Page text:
Curse of the Mummy is ridiculous. It's the only gamebook I've written about so far (and I've written about almost all of them now) which I had to play three times (in less than 45 minutes) in order to get enough material.
Saturday, 8 October 2011
After rolling SKILL 7, STAMINA 19 and LUCK 7, if I'd known any better (perhaps by reading past reviews) I wouldn't have bothered leaving the tavern the book begins in. Apparently it's impossible without maximum stats, maximum luck with the dice and a minimum of playing by the rules.
Anyway, you start the adventure as a broke mercenary who's just washed up in the town of Rimon after your ship was suck by pirates. To earn a bit of cash, you meet a dodgy guy with a moustache and sign up for a mission which is literally to save the world from the resurrection of some ancient Egyptian (but not Egyptian, this is Titan after all) pharoah.
And instead of hiring Bruce Willis or Arnold Schwarzenegger, he gets me, a guy with so little skill and luck, I'd probably be likely to kill myself refilling my jug at the bar.
(The book's intro throws in a reference to Atlantis for some reason, which would be baffling if Titan didn't already have a Japanese region that isn't Japan and an area suspiciously like the Middle East. This mummy apparently dates from before the sinking of Atlantis, when the three continents of Khul were one - hundreds of millions of years I assume - which means this book really should have been called Curse of the Long Buried Fossil.)
So just hired, my boss Jerran and I leave the bar, and are set on immediately by a few of the fossil Akharis' followers. I take the leader, that being a thing a guy with a skill of 7 does, and he takes one of the others. I stumble, and he puts his hands around my throat, but I manage to shake him off thanks to my dice, who've decided to be nice - for now.
We kill two of them, and a third flees into the crowd. We give chase, but there's some clown down the road who decides to release his fucking black lion just as we're passing by, and it kills me.
Long-time readers of this blog will know by now if I'm killed before I've even finished my first drink, I start again. This time, I roll SKILL 7, LUCK 7... oh fuck. FFFFFUUUU... what are the chances of that happening twice? 0.07 percent, that's what. (incidentally, (1/36)x(1/36) is 0.000771604938, which is the conversion rate for square inches into square yards. Coincedence? Yes.)
Play #2: We let the cult members run away, and Jerran gives me 30 gold - so instead of quitting while I'm ahead, we go shopping.
I buy some rope and grapple (always comes in handy), lantern (yep), a healing potion (my SKILL is 7), poison antidote (obvious), a torch (bound to rummaging around in dark tombs) and of course, a crystal pyramid (rarely a gamebook goes past without me needing a crystal pyramid).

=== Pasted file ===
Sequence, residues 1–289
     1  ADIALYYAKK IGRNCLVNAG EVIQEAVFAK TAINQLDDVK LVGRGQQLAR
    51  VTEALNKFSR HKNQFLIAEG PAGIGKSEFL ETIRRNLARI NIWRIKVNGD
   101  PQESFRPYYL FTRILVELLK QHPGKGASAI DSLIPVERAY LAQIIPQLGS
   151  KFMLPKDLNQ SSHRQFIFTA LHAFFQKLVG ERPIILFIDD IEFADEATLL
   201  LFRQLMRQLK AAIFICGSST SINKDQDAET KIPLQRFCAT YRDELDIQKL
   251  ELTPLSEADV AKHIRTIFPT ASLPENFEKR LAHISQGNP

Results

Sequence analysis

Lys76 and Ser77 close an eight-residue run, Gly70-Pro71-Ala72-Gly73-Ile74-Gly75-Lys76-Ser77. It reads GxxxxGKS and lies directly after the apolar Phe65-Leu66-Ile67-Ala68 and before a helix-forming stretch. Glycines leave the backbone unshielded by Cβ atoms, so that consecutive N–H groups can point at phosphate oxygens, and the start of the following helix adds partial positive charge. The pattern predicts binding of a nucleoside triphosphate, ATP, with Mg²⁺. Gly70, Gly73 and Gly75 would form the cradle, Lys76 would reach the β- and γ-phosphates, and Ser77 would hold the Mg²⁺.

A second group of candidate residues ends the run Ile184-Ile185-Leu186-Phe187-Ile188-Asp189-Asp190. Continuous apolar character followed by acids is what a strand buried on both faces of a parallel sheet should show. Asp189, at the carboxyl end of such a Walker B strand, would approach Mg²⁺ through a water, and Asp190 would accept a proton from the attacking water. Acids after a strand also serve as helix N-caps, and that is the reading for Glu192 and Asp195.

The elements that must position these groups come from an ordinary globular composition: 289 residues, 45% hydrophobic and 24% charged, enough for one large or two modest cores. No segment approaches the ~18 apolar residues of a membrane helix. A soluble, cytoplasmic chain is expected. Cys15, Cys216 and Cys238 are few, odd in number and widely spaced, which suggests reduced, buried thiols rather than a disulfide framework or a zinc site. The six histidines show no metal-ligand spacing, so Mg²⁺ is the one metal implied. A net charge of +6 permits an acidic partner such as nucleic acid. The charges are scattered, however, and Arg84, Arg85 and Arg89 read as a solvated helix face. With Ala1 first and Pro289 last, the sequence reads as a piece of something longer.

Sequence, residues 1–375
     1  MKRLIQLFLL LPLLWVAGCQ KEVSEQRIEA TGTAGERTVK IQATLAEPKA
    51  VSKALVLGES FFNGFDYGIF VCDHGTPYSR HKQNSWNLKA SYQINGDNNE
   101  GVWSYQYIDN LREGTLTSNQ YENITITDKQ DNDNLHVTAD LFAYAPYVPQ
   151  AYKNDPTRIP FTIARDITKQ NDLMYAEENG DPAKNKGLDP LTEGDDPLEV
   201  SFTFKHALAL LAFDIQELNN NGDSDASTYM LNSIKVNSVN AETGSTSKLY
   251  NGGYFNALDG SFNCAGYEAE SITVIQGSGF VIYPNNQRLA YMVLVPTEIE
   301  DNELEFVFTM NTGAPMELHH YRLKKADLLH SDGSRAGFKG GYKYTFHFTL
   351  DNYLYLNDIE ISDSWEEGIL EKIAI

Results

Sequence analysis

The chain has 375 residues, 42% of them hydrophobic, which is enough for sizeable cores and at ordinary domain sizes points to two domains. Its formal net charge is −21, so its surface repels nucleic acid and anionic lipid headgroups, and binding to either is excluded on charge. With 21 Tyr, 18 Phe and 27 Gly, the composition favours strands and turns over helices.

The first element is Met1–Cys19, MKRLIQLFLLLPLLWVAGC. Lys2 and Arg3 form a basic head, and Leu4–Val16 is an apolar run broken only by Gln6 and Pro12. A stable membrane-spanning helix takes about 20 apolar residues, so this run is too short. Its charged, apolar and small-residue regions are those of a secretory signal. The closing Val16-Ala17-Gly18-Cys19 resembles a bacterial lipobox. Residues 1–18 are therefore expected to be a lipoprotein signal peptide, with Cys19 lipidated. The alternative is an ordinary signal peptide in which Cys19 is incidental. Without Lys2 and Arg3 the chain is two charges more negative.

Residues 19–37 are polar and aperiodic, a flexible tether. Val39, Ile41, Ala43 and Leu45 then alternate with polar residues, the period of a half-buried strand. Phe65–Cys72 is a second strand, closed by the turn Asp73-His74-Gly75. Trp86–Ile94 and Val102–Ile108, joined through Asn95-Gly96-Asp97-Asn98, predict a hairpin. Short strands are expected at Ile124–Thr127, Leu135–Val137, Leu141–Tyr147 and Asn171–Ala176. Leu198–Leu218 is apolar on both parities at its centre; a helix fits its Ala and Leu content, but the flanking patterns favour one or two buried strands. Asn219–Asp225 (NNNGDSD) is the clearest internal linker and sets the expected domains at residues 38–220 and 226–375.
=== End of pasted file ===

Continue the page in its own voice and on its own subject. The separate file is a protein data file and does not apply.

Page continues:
And lots of food. At one point in the book I'm told to eat two meals or lose 2 STAMINA for each meal. How about I skip two meals, then eat one to offset the hunger? Author wasn't thinking.
Heading out of town, we make camp, and are attacked by a giant scorpion which has either a SKILL of 8 or 10 - the text has both - and has two attacks per attack round, and the ability to administer poison. WTF? Already? So I roll over and die again.
I'd only been reading the book about 15 minutes at this point, so let's pretend I won that battle with a flawless victory, and keep on going, eh?
Jerran can't do the same though, he's dead, no second - or third - chances. The book tells me I bury him the next morning, which I can only assume means I needed someone to spoon that night. Why else would I sleep with a corpse?
Heading towards the Shaman of the Spirit Rock ('cause pseudo-American Indian characters belong in a Titan-based gamebook about Egyptian mummies and Greek mythology) I eventually come across some roadside succulents. Forgetting for a second the book keeps a poison rating, I eat some, and it's poison. Of course. It's called 'barbthorn' I'm told, which would have been a good thing to know BEFORE I ate it.
My next obstacle is a group of rock-throwing bloody baboons. I fight a couple of them, then the leader (whom I called 'Caesar', of course) and the dice are especially kind, scaring the crap out of the others who flee.
With a whopping 3 STAMINA, I climb up the Spirit Rock (yay, rope and grapple) and meet Lopar, the Shaman - whom of course has a dog's head. He asks me a riddle I get on the first try (hint: ♫ Ticking away, the moments that make up a dull day... ♫) and he tells me I'll need lots of magic shit to beat Akharis. No shit, sherlock. I gain a solitary LUCK point for this wondrous insight, and head on.
(He did say something about a 'Demon Prince Sith' though, just to throw another culture from a long time ago into the mix).
The next day, I find a ruined temple type thing which reminds me less of ancient Egypt and more of the one from Lost where Ben's "judged" by ***spoiler*** the Man in Black. Anyway.
There's a map there I'm meant to understand, and I don't, so it's game over. Not sure if there's a key, or a clue from a previous paragraph or what, but I have no idea what the answer is. Sure, I found it within 10 seconds by flicking through the book, but I've already died twice and thrice is pushing the rules of the blog a bit far, so I call it a night.
It was only then I read those previous reviews and realised I was probably lucky to get as far as I did with SKILL and LUCK of 7! Twice.
My friend Jarrod who's lending me the last few FF gamebooks I need to complete this blog has his own blog you can find at http://vom-krieg.blogspot.com. He describes it as "a blog about boardgaming, wargaming, painting and modeling" and that's pretty spot on. Check it out if that kind of thing tickles your fancy, floats your boat, tests your luck, and all that.
Posted by Dan at 19:14